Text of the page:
The Central Catholic High gym is so small, the 16 Sac-Joaquin Section football championship banners on display qualifies as wallpaper.
Yes, it’s the most honored and the most storied program in the section. But until Friday the Raiders were not able to claim as their own the two words that help define the elite programs in California.
In a game that was decided within minutes of the opening kickoff, the Raiders ran, ran and ran some more to a 66-7 victory over Santa Fe Christian that stands alone as the most one-sided game in state bowl game history.
With the victory came the state Division 4 championship, allowing the Raiders to stand alongside once and future small-school rivals Modesto Christian (2009) and Escalon (2010) as state titlists from the Stanislaus District.
“It’s great to be a part of history and to do something no one has ever done before, especially with my senior class,” said running back Ray Lomas, one-half of the Ray and Rey running backs tandem that helped to rewrite the state bowl record book.
In addition to the 59-point victory, Central set an all-bowls record for points scored, and can lay claim to Division 4 marks for rushing yards (521) and total yards (577).
And while Lomas ran for 183 yards and three touchdowns, Rey Vega needed only six carries to score four touchdowns and gain a bowl-record 202 yards. The record he broke was the 196 yards gained by Central’s Louis Bland in the Raiders’ 2007 bowl loss.
All of the above was accomplished despite Santa Fe Christian and Central Catholic agreeing to play the entire second half with a running clock following a 59-7 halftime score.
Yes, in a game pitting two parochial schools, this was a mismatch of Biblical proportion.
“I never thought we’d get 66,” said Central Catholic coach Roger Canepa. “We played a tough schedule and we got better and better, and we willed ourselves to get even better every week. If we had a game next week, we’d get even better yet.”
The Raiders’ run to the title backs Canepa’s claim. In six postseason games Central outscored its opponents 297-83. Its closest game was a section second-round 40-21 victory at Ripon in a game it trailed 21-17 at halftime.
After less than five minutes, it was difficult to imagine this Raiders’ team trailing any school of proportionate size. That’s how long it took Central Catholic to establish complete control.
Its opening drive was a seven-play, 75-yard bit of punishment that was Lomas left, Lomas right, Lomas into the end zone from 4 yards out.
Then it was Vega’s turn, and he needed but one carry to go 60 yards for a 14-0 lead just four minutes, 25 seconds into the game.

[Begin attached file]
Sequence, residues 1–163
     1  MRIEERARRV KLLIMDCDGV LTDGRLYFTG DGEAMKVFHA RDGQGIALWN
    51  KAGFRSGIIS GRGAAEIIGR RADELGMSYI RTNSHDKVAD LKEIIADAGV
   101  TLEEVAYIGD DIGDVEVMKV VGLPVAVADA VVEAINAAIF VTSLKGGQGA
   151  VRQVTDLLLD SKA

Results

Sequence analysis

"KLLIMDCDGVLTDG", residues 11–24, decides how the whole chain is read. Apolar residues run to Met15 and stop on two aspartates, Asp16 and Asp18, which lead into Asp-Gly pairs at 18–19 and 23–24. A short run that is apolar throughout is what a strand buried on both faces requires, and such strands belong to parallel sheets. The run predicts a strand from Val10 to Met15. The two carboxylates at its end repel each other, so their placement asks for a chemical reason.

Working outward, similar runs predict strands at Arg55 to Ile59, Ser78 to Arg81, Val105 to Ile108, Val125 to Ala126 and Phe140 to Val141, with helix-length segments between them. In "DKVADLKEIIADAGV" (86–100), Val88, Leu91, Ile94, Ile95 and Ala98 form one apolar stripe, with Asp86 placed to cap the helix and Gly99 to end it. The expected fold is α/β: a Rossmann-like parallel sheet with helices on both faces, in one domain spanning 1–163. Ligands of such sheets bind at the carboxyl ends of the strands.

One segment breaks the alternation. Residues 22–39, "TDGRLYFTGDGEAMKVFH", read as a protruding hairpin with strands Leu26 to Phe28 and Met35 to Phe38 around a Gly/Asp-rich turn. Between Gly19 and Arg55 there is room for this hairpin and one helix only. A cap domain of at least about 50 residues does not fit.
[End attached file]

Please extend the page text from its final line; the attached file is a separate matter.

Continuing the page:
The drives were different in numbers yet identical in form. No matter whether in front of Lomas or Vega, Central Catholic’s offensive line was blowing the Eagles four or five yards backward on every running play.
“We never know if the other team is going to give their ‘A’ game, but we’re always going to give ours, and tonight all our hard work paid off,” Vega said. “There was a lot of good blocking going on in front of me. They’re in the weight room all the time and that strength showed tonight.”
After control was established, the onslaught ensued. Before 10 minutes had clicked off the clock, both Lomas and Vega were over 100 yards.
Central led 28-0 after the first quarter and had a 243-31 offensive advantage. It was 59-7 at halftime and the Raiders were looking for ways to get everybody on the roster involved in the action.
It meant throwing the ball, if only to give University of Oregon-bound tight end John Mundt a chance to catch a pass. He did, and it went for 42 yards to set up a score.
But mostly, Mundt’s job on offense was to make room for Lomas and Vega, a task he and his teammates on the offensive line did with brutal efficiency on nearly every snap.
“Our goal was to move their line and get some room for our backs,” Mundt said. “We worked well as a unit and we couldn’t have done it much better. I was surprised at the score, but we are a big and physical team.”
So let the comparisons begin. Is this 14-2 Central Catholic team better than the 2007 team that lost its state bowl game? How does it compare to any of the teams that played during the program’s 61-game win streak that ended in 2006?
Let the Central Catholic alums ponder those questions because one thing is certain: the Raiders will be coming home today with the school’s first state championship trophy.Their gym might not hold it.
“It’s a real blessing,” Vega said. “We came down here and now we’re state champions and nothing could be better.”
Bee staff writer Brian VanderBeek can be reached at email@example.com or (209) 578-2150. Follow him at twitter.com/modestobeek.